WARNING: If you look like a foreigner and don’t speak Spanish like a Mexican, ask for the price before ordering. I’ve never been ripped off in Mexico until Mixquic. A friend ordered a typical dish that would usually run about 50-100 pesos (probably the low end, for this type of casual establishment), and was charged 500. Ri-di-cu-lous.
8. How to Visit Mixquic Day of the Dead By Yourself
If you’re going to pass on the guided tour with Viator, no problem. You got this!
From Mexico City (or Puebla), you’ll need to drive to San Andres Mixquic.
RENT A CAR: If you’re driving yourself, you’ll need to park a ways from the city, as parking fills up quickly, and you’ll want to park a ways from the city, as the roads are incredibly congested both before and after the main event.
TAKE UBER: Uber runs from Mexico City to Mixquic, and also picks up in Mixquic to go back to Mexico City (though there’ll be a bit of a delay on the return trip with fewer drivers in the area). Easy peasy.
HIRE A DRIVER: You can also hire a driver (through your hotel is the safest bet), and agree in advance what time he’ll return to pick you up. Around 10pm would be a good bet, though celebrations go until the sun comes up.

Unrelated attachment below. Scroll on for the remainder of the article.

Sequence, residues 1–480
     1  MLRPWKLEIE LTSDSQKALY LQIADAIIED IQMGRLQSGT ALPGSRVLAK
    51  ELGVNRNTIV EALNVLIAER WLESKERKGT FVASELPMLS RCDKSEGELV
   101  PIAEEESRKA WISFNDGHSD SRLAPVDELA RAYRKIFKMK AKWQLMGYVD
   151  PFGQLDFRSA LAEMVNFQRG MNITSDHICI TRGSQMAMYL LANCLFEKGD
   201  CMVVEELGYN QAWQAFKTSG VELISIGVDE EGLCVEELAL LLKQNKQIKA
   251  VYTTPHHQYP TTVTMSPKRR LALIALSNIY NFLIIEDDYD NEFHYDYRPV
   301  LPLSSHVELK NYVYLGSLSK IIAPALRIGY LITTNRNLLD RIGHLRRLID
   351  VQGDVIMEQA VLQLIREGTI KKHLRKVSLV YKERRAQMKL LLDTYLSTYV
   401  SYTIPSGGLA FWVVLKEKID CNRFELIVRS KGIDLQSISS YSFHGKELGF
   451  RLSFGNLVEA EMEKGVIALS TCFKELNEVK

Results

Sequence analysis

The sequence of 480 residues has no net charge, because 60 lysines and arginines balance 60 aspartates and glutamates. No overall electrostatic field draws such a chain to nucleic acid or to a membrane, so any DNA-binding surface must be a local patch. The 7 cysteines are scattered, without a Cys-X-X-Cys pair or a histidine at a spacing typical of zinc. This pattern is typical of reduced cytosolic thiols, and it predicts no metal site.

Once in Mixquic, you want to head towards Mixquic Church, or Parroquia de San Andres Apóstol, as everything is organized around that point (including the cemetery and a stage for traditional dance performances). At some point, as you get near, you’ll pass by the carnivalesque stalls set up along the street, selling candies, snacks, souvenirs, and almost anything you can imagine.
Pin it for Later: How to Celebrate Mexican Day of the Dead in Mexico City
Where to stay in Mexico City?
Airbnb is a GREAT value in Mexico City (I recommend homes near Chapultepec Park, Roma, and Condesa for the best location and safe neighborhoods). Never used an Airbnb? Now’s the time to start! Get $38 off your first stay with this link.
If Airbnb isn’t your jam, the StayInn Barefoot Condesa has a range of price options, is super cute, and in the PERFECT spot for exploring all that Mexico City has to offer.
Agoda also has a variety of price options (everything from budget dorms to high end hotels), and in a range of locations. Agoda runs flash deals, and you earn points towards free stays with every booking, so they are always my hotel aggregator of choice.
What to do in Mexico City?
Aside from visiting Mixquic for Dia de Los Muertos, Mexico City has a TON to do, see and drink! Check out my definitive guide here.
What to wear and pack for Mexico City?
I’ve got you covered in this end-all and be-all list!